Photo by Alexei Hay

The PEN Ten is PEN America’s weekly interview series. In this week’s interview, we speak with Christopher Bollen, editor at large at Interview Magazine and author of The Destroyers, out this month.

When did being a writer begin to inform your sense of identity?

I can’t say that a person is born a writer, but for me the symptoms manifested early: a need to connect and communicate crossed with an overwhelming desire to be alone; a romantic infatuation with brooding; a fanatic’s obsession with certain books, poems, quotations, and authors; and the experience that the world around me came into sharper focus when I read about it in a literary form. Of course, this all means I was one of the lucky people who take shelter in books; not all of us necessarily become writers. So the identity of a writer was earned when I began to sit for hours at a desk with nothing but a keyboard and my racing thoughts and realized this might be my future. That started to offer itself to me at around age 12. Which, come to think of it, is the same age I started biting my fingernails.

Whose work would you like to steal without attribution or consequences?

Hands down Graham Greene—especially mid-career Greene. His pauses and cadences, his long sentences followed by a quick slap of a simple line. I don’t believe a person’s writing style is ever entirely homegrown. You don’t find your voice deep inside of yourself. You develop it by using those you admire as guides. That’s not stealing, it’s part of the craft. 

Obsessions are influences—what are yours?

Traveling, which is the cure for tired eyes. Others include missing persons, dogs, and tennis.

What’s the most daring thing you’ve ever put into words?

For a “personal essay” class in my freshman year of college, I went for it and wrote about the first time I hooked up with a guy. Before that exercise, I treated writing a bit like the dinner table, couching the more unseemly personal material in ambiguity. I’m sure that particular piece of writing is horrifically melodramatic, but it did break down some invisible barrier between me and the page. It made me a braver writer and probably a contemporary one. It turned the quill into a ballpoint pen.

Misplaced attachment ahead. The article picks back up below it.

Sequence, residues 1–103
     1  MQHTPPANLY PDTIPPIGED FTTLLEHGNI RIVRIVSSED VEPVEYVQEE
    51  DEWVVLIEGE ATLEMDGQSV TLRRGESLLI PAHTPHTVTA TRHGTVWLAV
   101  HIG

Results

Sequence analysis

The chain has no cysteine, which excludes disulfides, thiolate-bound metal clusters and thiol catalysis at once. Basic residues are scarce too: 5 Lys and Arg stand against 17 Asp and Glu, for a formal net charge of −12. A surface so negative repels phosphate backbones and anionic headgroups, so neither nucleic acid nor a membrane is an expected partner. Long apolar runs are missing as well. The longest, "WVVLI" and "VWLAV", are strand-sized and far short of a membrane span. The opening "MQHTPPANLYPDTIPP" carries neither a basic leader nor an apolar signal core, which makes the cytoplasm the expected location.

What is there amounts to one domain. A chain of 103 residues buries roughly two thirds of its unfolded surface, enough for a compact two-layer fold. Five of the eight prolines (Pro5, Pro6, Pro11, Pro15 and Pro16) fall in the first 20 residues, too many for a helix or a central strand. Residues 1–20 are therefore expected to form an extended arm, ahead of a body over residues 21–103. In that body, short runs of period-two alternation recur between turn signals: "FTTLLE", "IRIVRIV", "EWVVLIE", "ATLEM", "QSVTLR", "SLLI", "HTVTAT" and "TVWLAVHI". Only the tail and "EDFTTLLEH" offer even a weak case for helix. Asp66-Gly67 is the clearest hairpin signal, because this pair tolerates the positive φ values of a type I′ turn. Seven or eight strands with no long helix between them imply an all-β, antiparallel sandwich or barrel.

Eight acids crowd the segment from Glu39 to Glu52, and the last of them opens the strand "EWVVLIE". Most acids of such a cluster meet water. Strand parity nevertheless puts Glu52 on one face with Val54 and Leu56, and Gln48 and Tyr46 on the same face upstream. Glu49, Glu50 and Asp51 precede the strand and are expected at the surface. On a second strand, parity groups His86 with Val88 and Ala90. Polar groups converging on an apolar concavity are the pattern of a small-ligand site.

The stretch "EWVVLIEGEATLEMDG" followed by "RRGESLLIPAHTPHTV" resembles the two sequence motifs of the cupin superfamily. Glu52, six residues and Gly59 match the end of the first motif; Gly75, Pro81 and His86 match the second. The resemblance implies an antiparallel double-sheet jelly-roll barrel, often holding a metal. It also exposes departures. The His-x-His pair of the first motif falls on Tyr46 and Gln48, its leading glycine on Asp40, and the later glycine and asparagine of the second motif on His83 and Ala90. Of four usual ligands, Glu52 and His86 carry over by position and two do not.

Where is your favorite place to write?

I bought a little cabin in the Berkshires two years ago thinking it would be my ideal writing spot. It isn’t. I write best in New York City, in my apartment by an open window, preferably with sirens wailing in the distance.

What is the responsibility of the writer?

There isn’t one. Except to try to tell stories that in some way provoke or challenge the reader’s understanding of the world. We’ve been comforted and appeased enough.

While the notion of the public intellectual has fallen out of fashion, do you believe writers have a collective purpose?

No, not collectively. Maybe to stick up for each other. And to keep the channels open for thought and conversation. I loved those mid-twentieth-century public-intellectual writers—they are heroes—but arguably, in almost every case, their fiction suffered for their soapbox.

When, if ever, is censorship acceptable?

Self-censorship is acceptable and should be encouraged. Beware of the passing thought. But for the most part censorship is not acceptable. It pains me to hear voices on the left today crying for paintings to be taken down from museum walls or art exhibitions to be shuttered because they disagree with the content of the work. Protest it, yes. Get angry, by all means. But don’t demand that it be removed from a public forum because you feel the artist doesn’t have the right to address any subject she or he chooses. She or he does. Honestly, it isn’t a far walk from saying “a person doesn’t have the right to tell someone else’s story” to “a person doesn’t have the right to read or watch or witness someone else’s story,” unless you believe that consumption is an entirely passive act. In my mind, reading and watching are creative acts, too, and we should encourage these kinds of leaps outside the self.

Have you ever been arrested? Care to discuss?

I just did a talk with John Waters who pilloried me for not having ever been arrested. I love that I exist in a pocket of the universe where not having a criminal record is a strike against your character.

The closest I got to an arrest was in 1998 on a cross-country road trip after college when I was pulled over in Paris, Texas. The officer—who took one look at me with my dyed-black hair and decided I was not leaving his town without seeing the local jail—claimed he smelled marijuana in my car. As it happened, I actually did have a bag of marijuana in the car; it was hidden inside a lens cap in my camera case. The officer asked if he could search my vehicle. When I said no, he threatened to bring in drug dogs. Somehow I managed to keep my cool and replied, “Okay, if you get a warrant.” I had no idea if a warrant was needed for a dog search and I still don’t. But after an agonizingly long wait, he decided to let me go with the advice that I leave Paris, Texas, in the next five minutes. I took his advice. I still get sweaty thinking about that police stop. I’ve never been back to Paris, Texas, even though I haven’t smoked pot in 15 years. 

What book would you send to the leader of a government that imprisons writers?

A blank one.